and I was just kidding, hence the 'j/k' (just/kidding) and the --> :D smilie
if I were serious about what I said about French people, I'd be just as bad as all the people who are anti-American.

SkinWalker
03-30-2003, 02:04 AM
The sight of my country's flag burning brings tears to my eyes. I do mean that.

Old Glory is a special flag. It's not just a piece of fabric with a symbolic pattern. Old G. was there in many forms throughout my country's history. It's been modified to the point where it now has 50 stars from the original 13. Those 13 colonies that bravely chose not to succumb to a monarch's tyranny, but instead risk life and limb to be free.

It was there as we killed each other and oppressed each other (Native and African Americans), but eventually found freedom and end to oppression.

It was there as my countrymen (and my grandfather) went overseas in two World Wars to help other nations free themselves from oppression.

It was in Korea and it was in Vietnam.... even though it might be argued that it shouldn't have. But it was there with my countryment who did their duty and it often draped their caskets when they returned.

It was on my shoulder when I went to the first Gulf War... I wore it with pride!

Maybe it shouldn't be in Iraq right now. But my countrymen still try to put it up. They aren't doing this to mark new territory, but to let each other and the local populations know they're going to be safe. This is what a soldier and marine believes. The flag, to them, has that kind of personality. It doesn't change with regimes in America. It stands for freedom. It stands for liberty. It stands for peace. And it stands for all those who shed blood for these ideals regardless of whether you are American or not.

So I get especially miffed when what Old Glory represents is connected to the possible selfish goals of one administration.

Should Old Glory be burned in public? No.

Should anyone who does so be punished? No.

You see... Old Glory represents that freedom which permits a person to express his/herself in that manner.

To non-Americans, I cannot explain what it feels like to see Old Glory destroyed out of hate. I can only say that if you don't feel the way I do at the sight of your own flag being desicrated, .... well, I wouldn't envy that ability.

I'm against the current war in Iraq for the reasons given by the current administration.

I am VERY MUCH for my flag and the ideals it stands for.

I do think that burning an American flag should be considered free speech and therefore not punished as such. I do, however, think that there should be extremely stiff consequences for having an open fire in a public place without a permit.... that's just unsafe.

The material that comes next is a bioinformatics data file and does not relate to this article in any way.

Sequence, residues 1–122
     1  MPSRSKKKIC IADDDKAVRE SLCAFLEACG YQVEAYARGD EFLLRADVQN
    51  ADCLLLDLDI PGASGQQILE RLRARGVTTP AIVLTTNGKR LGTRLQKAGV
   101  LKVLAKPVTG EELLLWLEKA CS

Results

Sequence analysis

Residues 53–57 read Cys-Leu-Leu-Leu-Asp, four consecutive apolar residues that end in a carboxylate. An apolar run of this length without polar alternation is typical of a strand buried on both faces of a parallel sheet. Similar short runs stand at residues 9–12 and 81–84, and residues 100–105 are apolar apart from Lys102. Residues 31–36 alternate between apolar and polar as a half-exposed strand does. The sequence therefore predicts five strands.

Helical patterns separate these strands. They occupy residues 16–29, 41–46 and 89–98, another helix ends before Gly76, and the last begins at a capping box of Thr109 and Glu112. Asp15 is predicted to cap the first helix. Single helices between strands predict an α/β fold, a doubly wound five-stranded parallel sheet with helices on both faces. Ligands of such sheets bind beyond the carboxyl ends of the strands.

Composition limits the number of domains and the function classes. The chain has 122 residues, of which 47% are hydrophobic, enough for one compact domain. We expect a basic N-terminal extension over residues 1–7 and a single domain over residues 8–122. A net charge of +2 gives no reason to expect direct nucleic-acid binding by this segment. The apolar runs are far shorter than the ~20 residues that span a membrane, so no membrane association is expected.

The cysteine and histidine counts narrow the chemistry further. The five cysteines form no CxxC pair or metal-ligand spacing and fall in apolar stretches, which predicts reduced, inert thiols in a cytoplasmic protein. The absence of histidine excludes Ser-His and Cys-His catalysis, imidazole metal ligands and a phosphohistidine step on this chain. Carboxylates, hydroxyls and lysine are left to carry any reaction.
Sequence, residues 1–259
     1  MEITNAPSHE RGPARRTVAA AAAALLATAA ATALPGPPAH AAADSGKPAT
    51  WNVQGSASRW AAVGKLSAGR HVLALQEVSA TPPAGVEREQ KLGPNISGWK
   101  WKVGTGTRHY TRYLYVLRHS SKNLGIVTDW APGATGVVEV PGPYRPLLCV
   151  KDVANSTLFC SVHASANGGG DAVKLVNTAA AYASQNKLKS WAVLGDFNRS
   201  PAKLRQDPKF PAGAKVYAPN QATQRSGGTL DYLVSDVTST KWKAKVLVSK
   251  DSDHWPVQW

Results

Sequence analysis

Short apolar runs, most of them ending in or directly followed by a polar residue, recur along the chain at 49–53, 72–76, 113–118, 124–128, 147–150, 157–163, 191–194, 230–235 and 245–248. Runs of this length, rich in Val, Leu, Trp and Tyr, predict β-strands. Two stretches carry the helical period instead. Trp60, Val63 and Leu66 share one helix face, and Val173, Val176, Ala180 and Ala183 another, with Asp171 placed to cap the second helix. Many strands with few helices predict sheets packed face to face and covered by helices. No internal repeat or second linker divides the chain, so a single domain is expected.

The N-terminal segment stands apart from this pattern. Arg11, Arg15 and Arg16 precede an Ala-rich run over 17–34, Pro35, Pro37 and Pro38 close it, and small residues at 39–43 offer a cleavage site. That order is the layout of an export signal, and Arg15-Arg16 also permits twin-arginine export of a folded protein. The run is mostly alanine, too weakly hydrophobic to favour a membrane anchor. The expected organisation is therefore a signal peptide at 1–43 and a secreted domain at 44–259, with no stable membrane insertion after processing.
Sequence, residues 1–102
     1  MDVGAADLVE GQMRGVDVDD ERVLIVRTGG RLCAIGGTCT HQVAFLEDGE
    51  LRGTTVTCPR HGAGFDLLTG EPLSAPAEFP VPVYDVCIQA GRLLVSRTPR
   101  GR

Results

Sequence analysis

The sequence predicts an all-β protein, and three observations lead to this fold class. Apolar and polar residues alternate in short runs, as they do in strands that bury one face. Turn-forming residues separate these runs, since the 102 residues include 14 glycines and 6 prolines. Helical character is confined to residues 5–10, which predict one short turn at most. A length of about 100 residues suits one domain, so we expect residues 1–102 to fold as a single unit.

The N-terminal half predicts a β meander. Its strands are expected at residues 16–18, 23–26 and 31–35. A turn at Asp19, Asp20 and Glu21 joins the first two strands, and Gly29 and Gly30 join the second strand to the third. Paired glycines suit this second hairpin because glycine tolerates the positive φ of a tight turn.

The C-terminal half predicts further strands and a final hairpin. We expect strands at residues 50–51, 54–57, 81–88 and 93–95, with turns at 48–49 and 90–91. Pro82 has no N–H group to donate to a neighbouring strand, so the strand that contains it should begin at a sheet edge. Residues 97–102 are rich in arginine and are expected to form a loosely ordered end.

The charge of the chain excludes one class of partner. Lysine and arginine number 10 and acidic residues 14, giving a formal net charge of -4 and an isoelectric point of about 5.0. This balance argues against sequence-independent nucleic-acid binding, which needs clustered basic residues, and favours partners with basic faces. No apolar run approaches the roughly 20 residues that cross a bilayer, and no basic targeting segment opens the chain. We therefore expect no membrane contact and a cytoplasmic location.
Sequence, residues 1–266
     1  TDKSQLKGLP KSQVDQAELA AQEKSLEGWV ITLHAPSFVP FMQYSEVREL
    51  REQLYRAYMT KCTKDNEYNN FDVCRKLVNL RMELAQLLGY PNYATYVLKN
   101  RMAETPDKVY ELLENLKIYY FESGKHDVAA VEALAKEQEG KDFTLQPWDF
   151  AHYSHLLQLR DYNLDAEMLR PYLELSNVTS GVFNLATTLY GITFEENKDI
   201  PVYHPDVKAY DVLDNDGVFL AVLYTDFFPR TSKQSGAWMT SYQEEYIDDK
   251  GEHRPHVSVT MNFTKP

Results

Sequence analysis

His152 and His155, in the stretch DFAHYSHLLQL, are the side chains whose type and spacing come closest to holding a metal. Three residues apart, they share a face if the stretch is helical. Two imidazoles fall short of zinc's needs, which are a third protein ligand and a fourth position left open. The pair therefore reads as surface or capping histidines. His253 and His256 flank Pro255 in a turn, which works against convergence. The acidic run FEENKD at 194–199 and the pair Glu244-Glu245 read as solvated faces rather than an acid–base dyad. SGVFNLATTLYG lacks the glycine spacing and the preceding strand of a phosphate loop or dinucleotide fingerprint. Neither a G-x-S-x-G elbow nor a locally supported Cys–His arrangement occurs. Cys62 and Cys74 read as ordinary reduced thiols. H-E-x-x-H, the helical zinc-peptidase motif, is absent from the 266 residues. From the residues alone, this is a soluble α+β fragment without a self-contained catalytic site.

obi
03-30-2003, 08:02 AM
You guys want to hear something funny? Some of the people that are boycotting American goods to oppose the war are the same people that burn the American flag. Where do they get the flag? They buy it.

A good way to boycott a country is to buy it's goods.

Go team! :)

Luc Solar
03-30-2003, 08:19 AM
I've thought about that many a times.

You know...buying a wagon, filling it with Old G's and going to the middle east to make a fortune. :D

Those people must have a shortage of flags by now! And who can put a prize on "burning the American Flag"?!

Priceless, it must be for 'em. :yoda:

(Oh and don't hate me, I'm just a simple man trying to make a living. :joy: )

Vuk
03-30-2003, 08:45 AM
Skin walker, i fail to see how old glory, is bringing freedom, to for example, the palestinians. or the vietnamese in that war. an average palestinian would see the old glory as a symbol of oppression.

C'jais
03-30-2003, 09:55 AM
Originally posted by SkinWalker
Maybe it shouldn't be in Iraq right now. But my countrymen still try to put it up. They aren't doing this to mark new territory, but to let each other and the local populations know they're going to be safe.

I know the US soldiers have good intentions, but it is this that might cause resentment among the Iraqi people.

All they see is America becoming more empirialistic in the region, and while they may not support Saddam, they're more against the US than against Saddam now.

When tomahawks come crashing down the roof in a shopping area, and marines raise Old Glory to mark another area "secured", I think they're feeling invaded rather than liberated.

griff38
03-30-2003, 10:15 AM
Flags are symbolic emblems. Flags represent ideas and or institutions.

When people burn them it's totally symbolic. If someone hates for example, oh i don't know ah.. let's say the US. And they burn a flag, they are using a non violent way of expressing their rage. It's better than them building a bomb. I personally think it takes a tiny dic to burn a flag but at least they are not burning people.

Flag burners want one thing. For you to get mad at them. Do this and they win.

If someone were to burn a US flag in front of me I would say, "Whatever........ is that the best you got?"

I can't remember where, but a few years ago there was a video clip circulating of a mob about to burn a flag and the guy lighting it catches fire! He flops all over the place till it goes out, he didn't get hurt but i think that was his last flag burning.